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zaterdag 27 juni 1992

Christine by Stephen King

Carmageddon avant la lettre

Loosely based upon a short story he wrote earlier, Stephen King created in 1983 with Christine one of the scariest and notorious entities of his numerous books. Randall Flag, Annie Wilkes and Penny Wise the Clown have found their best means of transportation: Christine.

The pimplish Arnie Cunningham is a basic loser, the sort of which every high school has to have at least two. So, it is not surprising that he becomes the joke of the century when he buys a car more fitted for the scrap-yard than for the road. It - or better 'she' - even got a name: Christine. But the car is more than Arnie ever bargained for. She's not only a rusted '58 Plymouth Fury but also a vicious, jealous creature that ruthlessly takes what it wants and kills everyone that tries to hinder her or her beloved Arnie. The only hope of salvation for Arnie is Leigh Cabot - the other girl. But in a love triangle, it is said, one person is always unwelcome.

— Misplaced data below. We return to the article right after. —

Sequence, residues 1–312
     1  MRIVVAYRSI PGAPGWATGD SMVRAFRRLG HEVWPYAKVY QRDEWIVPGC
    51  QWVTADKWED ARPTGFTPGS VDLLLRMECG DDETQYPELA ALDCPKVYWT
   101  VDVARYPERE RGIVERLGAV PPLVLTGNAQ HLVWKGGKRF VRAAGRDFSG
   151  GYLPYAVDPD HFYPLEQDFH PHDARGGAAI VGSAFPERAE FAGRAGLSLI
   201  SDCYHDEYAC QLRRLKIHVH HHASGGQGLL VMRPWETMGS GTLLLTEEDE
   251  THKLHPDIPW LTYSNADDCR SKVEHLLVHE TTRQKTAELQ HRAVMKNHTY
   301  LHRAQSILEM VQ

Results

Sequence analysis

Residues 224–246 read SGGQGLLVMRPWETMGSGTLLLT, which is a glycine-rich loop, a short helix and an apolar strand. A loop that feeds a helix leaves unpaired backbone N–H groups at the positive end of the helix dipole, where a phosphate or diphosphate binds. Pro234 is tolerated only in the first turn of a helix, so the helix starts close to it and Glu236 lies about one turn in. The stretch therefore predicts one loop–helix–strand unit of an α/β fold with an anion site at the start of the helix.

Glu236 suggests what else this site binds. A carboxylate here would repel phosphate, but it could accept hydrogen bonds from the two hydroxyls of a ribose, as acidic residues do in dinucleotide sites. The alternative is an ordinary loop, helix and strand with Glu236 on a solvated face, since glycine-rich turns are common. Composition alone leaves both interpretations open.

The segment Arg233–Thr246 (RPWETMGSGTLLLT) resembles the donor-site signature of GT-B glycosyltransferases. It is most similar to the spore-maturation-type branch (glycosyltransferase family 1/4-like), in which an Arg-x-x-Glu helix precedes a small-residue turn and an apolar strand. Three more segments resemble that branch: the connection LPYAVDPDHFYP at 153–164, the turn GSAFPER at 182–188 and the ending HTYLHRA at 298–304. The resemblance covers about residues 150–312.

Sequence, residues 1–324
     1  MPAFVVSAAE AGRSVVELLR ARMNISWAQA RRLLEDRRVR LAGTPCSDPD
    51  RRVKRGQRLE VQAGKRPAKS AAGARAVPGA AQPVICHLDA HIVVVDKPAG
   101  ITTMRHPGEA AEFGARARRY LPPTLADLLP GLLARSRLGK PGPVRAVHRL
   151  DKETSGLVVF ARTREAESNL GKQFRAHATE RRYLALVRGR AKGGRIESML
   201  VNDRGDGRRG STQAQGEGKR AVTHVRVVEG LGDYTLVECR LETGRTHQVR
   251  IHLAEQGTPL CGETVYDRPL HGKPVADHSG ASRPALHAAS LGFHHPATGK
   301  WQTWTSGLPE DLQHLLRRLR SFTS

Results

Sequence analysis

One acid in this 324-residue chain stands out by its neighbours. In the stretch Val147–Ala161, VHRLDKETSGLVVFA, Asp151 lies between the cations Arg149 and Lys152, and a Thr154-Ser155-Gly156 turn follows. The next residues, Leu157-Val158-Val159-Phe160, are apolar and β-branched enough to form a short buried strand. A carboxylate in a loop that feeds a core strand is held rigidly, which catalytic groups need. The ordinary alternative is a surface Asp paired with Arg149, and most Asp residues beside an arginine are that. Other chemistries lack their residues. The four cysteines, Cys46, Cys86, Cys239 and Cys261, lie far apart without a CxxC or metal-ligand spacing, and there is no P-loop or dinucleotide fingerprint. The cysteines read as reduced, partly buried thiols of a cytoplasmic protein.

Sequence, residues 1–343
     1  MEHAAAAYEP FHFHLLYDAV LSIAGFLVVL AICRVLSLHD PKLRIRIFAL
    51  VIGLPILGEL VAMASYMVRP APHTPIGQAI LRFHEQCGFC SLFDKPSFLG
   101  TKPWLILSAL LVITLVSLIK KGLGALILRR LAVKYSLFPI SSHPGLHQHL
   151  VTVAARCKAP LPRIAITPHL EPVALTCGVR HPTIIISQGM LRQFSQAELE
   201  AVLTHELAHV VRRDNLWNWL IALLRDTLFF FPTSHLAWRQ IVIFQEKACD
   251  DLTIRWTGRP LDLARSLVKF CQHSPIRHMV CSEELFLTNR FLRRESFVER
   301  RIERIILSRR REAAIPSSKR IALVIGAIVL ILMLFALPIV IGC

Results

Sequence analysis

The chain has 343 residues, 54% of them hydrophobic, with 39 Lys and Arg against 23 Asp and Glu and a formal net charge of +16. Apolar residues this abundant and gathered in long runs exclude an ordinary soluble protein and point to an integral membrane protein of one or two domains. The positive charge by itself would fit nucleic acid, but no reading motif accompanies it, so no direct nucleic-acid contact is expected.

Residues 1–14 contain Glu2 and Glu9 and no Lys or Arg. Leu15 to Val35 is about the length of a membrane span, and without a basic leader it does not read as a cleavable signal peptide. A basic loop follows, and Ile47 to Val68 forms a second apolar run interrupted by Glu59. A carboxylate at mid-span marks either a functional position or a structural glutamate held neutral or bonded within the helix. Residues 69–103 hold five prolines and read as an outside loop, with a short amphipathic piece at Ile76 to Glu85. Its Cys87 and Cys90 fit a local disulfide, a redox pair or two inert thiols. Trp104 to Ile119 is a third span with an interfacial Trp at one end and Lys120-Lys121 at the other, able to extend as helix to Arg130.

I am convinced that no-one can ever again write a story about a possessed car without getting compared to this masterpiece of horror. What Poe did with ravens, King does with cars: he makes them diabolic to the extreme. The way King succeeds in bringing an inanimate thing to live and still keep it believable is hard to equal. The evilness that radiates from Christine is certainly heightened by the person of George Le Bay, who like some other memorable characters of King starts to develop a suspiciously close resemblance to Mr. Satan himself. Undoubtedly, this masterly crafted story is one of the mile stones of horror, but there is also another more tender side to this book. Not often King succeeds in writing down a more convincing love story than in Christine. The debt of the characterisation is so strong that the reader cannot but relive the power of juvenile love while reading the chapters where Dennis starts to fall in love with Leigh. This makes the story more human, but at the same time more gruesome. This strong point is also very clear in John Carpenter adaptation for the cinema. A film that showed in the theatres the same year as the book was first published.

Simply a must read for everyone who's in for a few goose bumps that are hard to get rid of.

Trivia: Stephen King mentions in the book that the car had 4 doors, but there never was a 4-door 1958 Plymouth Fury. The only model available was a 2-door.

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